An accident in a nuclear reactor in the south of France went unreported in the European press even though the incident raised questions concerning the safety of nuclear energy plants such as the ones France has promised to construct in Libya. The incident occurred the first week in July just as Nicolas Sarkozy assumed the role of president of the European Union. The plant malfunction led to 30,000 litres of a solution containing 12% enriched uranium to overflow from a reservoir into the nearby Gaffiere and Lauzon rivers. Evangelia Petit, admitted the concentration of uranium in the two rivers was now 1,000 times higher than normal but she downplayed the consequences of the accident insisting the risk posed to humans was “slight.”
However, local authorities apparently did not accept her verdict that things were not that bad because there was uranium in the rivers. Inhabitants of nearby towns and villages have been banned from fishing, swimming, drawing well water or using water from the polluted rivers for irrigation purposes. The area is noted for its grapes which are used in making several brands of wines.
The Green Party blog of Malta expressed concern that France was going to construct nuclear energy plants in nearby Libya. There is fear an accident in a nuclear plant to be built on the coast of the Mediterranean Sea might result in extensive pollution to a water body which is essential to the lives of millions.
There is no question great improvements have been made in safety of nuclear plants, but the world has yet to reach a point in which the presence of nuclear plants doesn’t also cause a risk to local populations.
New York state was among the first to initiate a testing program for high school students in order to determine if they had learned required material. The infamous “Regents Exam” is known to every person who attended high school in New York state and who can forget the June dread about the upcoming exam? Marc Epstein, writing in the New York Daily News, derides the supposed difficulty of an exam in which a student need only score 36 out of 65 possible points in order to pass. In the old days, when I was a high school student, anything below 60% was a failing grade.
Epstein offers an example to highlight the supposed difficulty of the exam. Students are shown a photo of the situation in the famous Little Rock High School desegregation event. A caption reads: “on September 25, 1957, federal troops escort the Little Rock nine to their classes at Central High School.” The student is asked the following rather difficult question: “Based on the photograph, what was the job of the United States Army troops in Little Rock, Arkansas?”
The more important issue is whether such tests go any further than identifying short term memory on the part of students. Do tests require students to demonstrate their ability to engage in critical thinking concerning issues in American history?
They were nameless men who had made the treacherous journey from North Africa to the supposed safety and good life awaiting them in Europe. A meeting with smugglers, a trip across water, huddled on the banks of a sea line in a new world, mumbled words of advice, and the goodbye on some lonely road leading to nowhere. Two men, strangers in a strange land, knowing a few people but uncertain exactly how to reach them. Somehow, they made i to Belgium and tried finding work, but, they were rounded up by a police dragnet and swept into a building in a place called, “internment center.”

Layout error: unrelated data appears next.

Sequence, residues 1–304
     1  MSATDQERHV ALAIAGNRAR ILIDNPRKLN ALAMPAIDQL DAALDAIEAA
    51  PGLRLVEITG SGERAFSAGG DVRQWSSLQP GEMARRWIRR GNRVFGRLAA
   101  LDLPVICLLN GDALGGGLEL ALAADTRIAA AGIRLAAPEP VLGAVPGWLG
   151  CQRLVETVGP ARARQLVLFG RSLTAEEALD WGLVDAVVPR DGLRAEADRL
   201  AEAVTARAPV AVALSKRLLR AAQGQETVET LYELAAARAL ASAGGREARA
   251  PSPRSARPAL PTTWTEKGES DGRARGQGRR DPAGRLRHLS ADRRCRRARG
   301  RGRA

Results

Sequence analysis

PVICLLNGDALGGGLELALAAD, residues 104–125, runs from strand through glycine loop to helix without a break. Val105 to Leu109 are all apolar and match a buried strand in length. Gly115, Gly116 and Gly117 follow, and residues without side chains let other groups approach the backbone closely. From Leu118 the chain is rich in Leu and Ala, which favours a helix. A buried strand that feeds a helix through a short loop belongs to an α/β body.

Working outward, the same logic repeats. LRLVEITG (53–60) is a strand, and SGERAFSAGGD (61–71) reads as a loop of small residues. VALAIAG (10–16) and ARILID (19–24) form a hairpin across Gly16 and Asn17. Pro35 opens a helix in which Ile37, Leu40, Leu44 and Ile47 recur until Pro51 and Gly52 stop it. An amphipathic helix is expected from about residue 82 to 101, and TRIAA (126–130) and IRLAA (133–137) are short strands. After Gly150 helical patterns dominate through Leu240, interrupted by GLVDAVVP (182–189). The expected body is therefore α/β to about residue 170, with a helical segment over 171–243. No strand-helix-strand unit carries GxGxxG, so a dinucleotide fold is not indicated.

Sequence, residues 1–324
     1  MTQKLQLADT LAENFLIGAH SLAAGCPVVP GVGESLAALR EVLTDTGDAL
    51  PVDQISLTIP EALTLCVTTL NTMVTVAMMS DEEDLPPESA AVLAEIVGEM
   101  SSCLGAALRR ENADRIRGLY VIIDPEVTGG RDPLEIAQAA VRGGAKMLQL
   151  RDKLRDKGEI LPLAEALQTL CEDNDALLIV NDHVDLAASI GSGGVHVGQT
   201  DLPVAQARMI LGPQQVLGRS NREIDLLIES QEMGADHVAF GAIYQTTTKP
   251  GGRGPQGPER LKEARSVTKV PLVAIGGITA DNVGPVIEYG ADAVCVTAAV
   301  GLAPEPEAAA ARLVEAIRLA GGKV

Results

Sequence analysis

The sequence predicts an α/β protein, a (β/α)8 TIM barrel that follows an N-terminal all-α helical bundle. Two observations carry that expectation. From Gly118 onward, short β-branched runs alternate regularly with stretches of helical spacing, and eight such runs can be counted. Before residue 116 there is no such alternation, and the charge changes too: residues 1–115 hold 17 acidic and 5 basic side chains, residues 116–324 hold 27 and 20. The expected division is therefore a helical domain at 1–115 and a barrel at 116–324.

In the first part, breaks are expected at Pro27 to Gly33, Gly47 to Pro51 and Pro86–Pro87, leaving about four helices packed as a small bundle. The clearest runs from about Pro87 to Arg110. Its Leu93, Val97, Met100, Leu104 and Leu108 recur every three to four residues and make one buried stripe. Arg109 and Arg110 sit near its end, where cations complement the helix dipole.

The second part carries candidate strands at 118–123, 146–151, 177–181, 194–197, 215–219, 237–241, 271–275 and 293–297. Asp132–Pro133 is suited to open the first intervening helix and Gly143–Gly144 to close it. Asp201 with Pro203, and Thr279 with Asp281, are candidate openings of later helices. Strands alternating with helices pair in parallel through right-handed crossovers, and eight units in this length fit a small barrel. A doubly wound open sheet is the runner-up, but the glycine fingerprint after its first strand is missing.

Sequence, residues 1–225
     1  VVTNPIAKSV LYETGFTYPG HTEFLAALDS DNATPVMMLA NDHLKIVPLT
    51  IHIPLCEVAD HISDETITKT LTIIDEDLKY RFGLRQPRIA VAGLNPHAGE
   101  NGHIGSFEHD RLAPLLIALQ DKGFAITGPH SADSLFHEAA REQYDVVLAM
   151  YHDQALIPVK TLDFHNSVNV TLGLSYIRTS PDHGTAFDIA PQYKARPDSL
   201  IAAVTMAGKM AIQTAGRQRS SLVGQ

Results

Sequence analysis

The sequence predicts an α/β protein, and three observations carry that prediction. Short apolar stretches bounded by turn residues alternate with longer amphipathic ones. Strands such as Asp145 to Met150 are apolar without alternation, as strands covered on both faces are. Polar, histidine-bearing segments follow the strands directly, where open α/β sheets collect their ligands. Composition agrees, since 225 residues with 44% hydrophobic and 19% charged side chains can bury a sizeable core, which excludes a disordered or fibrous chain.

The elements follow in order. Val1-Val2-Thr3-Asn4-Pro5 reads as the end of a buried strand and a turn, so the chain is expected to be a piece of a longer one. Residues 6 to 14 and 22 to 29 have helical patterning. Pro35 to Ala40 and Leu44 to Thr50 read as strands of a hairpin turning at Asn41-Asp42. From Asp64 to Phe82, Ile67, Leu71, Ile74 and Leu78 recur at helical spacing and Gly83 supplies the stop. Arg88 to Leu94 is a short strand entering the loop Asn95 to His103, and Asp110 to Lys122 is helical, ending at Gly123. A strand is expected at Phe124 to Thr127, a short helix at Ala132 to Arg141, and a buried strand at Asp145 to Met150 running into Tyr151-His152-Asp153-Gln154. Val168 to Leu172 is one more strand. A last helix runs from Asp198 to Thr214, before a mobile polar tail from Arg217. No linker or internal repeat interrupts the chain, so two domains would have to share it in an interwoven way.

Weeks passed, sitting on a cot, eating food at certain hours of the day, listening to the sounds of children weeping or laughing, and exchanging hopeful dreams with other men. Summer, it was hot, the place reeked of smells that invariably occur when hundreds are thrust into something called an “internment camp.”
One day, the two nameless men could take no more. They scrambled to the top of a building and threatened to fling themselves down. The police arrived and a man who spoke their tongue quietly exchanged soothing words of hope. They came down. They could hear the sounds of people below them shouting, screaming, smashing windows and furniture.
It was just another day in an internment camp. No one died. The two nameless men sat on their cots– waiting for Godot.
helen Zille, leader of South Africa’s Democratic Alliance and mayor of Cape Town, charged the African National Congress(ANC) was divided as the old National Party of apartheid days, between the “verligtes” and the “verkramptes.” The former were those who wanted to reform apartheid and possible even end it, while the latter wanted to continue the cruel policies of apartheid. “The ANC, after only 14 years, is showing the same schism. It is also divided between its verligtes who support constitutional rule, and its verkramptes who want to subordinate the Constitution to the pursuit of power.” She drew attention to remarks by ANC leader, Jacob Zuma, who said openly that the ANC was more important than the Constitution. Zuma is charged with corruption and could wind up in jail, but Zille believes his supporters will do everything possible to avert this possibility since the ends justify the means.
Zille insists every liberation movement goes through the same cycle of power. “Liberation struggles are about attaining power. Constitutional democracy is about limiting power. Very few activists who have engaged in liberation struggle understand this distinction.” Those who fight to attain power equate their power with furthering the ideas of the struggle and any attempt to limit power is thus regarded as counter-revolutionary.
Zille is seeking to create a new political alignment in South Africa in which ANC believers in constitutionalism will join forces with other groups such as the Democratic Alliance in order to create a new South Africa which is based on respect for constitutional law. South Africa needs a new political vision if it is to pursue the road of democracy.